This level has more focus on strength endurance, as opposed to max strength levels in the midget level. It is key to learn the fundamental lifting principals now, the body and muscles are growing rapidly. Learning fundamental movements will be a key to success when strength and size become the main focus. 

Workouts should focus on strength endurance–the ability to do more reps of a fundamental movement will benefit for the priming of training in the future. Its beneficial to build this foundational ground, the body can then begin to grow and adapt into the stress being presented on the joints and muscles. 

Various speed-work–while lifting fundamentals are heavily stressed at this level, agility and speed are also very important. With the fast development of the body, this age is primed for faster adaptation to become faster and more agile. 

Peewee Minor/Squirt/Mite 

Last but not least–the little guys. The unsung heroes in the gym who are training not only for the present, but their future selves (usually without knowing it). Gym time at this age is so key, not only for priming the body for lifting weights and training, but teaching basics such as: coordination, locomotive skills and manipulation skills. A lot of youth are missing opportunities to learn the basics by not having the education on how to train, or even the proper coaching. While you can teach and improve coordination as you get older, building a solid base at a young age sets you up for success, especially while in-season.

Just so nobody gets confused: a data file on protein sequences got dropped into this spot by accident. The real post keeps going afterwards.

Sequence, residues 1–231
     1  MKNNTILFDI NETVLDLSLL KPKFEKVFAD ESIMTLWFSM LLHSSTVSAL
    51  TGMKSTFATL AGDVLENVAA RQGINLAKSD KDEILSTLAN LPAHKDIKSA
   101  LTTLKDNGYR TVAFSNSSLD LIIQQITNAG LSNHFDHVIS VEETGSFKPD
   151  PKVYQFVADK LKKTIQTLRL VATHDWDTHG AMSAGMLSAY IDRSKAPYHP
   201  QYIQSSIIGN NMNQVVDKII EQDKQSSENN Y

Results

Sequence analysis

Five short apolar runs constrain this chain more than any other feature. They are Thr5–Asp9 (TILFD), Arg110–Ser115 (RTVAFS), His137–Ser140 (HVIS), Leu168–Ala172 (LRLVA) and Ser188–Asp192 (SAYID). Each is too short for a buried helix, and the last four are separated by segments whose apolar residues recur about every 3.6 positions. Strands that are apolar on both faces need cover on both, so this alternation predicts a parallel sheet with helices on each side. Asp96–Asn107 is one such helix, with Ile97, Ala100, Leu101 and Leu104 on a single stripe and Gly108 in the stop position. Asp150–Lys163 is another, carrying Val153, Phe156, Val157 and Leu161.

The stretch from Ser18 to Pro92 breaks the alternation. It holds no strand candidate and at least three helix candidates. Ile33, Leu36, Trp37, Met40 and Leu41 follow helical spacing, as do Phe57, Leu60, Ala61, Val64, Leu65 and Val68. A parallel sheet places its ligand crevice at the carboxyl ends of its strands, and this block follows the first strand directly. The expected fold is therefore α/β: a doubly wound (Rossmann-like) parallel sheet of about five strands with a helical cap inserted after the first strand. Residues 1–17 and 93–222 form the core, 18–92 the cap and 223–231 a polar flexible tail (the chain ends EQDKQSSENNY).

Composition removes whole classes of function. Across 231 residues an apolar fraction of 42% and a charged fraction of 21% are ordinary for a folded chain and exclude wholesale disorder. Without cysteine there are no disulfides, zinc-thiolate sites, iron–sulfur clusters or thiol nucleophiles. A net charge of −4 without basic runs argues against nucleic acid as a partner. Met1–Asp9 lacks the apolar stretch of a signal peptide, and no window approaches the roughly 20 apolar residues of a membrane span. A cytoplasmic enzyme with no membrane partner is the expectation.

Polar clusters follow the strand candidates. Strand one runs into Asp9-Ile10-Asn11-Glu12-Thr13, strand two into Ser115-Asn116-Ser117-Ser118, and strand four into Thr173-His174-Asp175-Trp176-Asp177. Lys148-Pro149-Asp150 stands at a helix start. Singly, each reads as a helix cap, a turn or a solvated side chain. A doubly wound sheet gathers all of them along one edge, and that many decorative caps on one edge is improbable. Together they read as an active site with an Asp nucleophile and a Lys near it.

Locomotive skills–these are your fundamental human movements: crawling, running, jumping, skipping, etc. As the body gets older it’s increasingly more hard to pick up simple movements such as a jump to a crawl, it feels awkward and unnatural. Locomotive skills teach young ones how to move their bodies in odd situations, how to position themselves when the optimal position isn’t had. 

Balance skills–balance is something that can be heavily influenced at this stage in life, through constant exposure and training balance will increase. It not only requires fundamental movements (locomotion), it requires coordination too, both of which can only be trained to a certain point.

Manipulation skills–this is your stick handling, skating with the puck, any time you’re using your balance and coordination involving something else. These aspects are key for every position in hockey and early adaptation is an easy to step for success. 

Every age group has aspects of training that should be emphasized and focused on to maximize potential. In-season and off-season training go hand in hand, there is a proper way to do both to increase training gains throughout the whole year.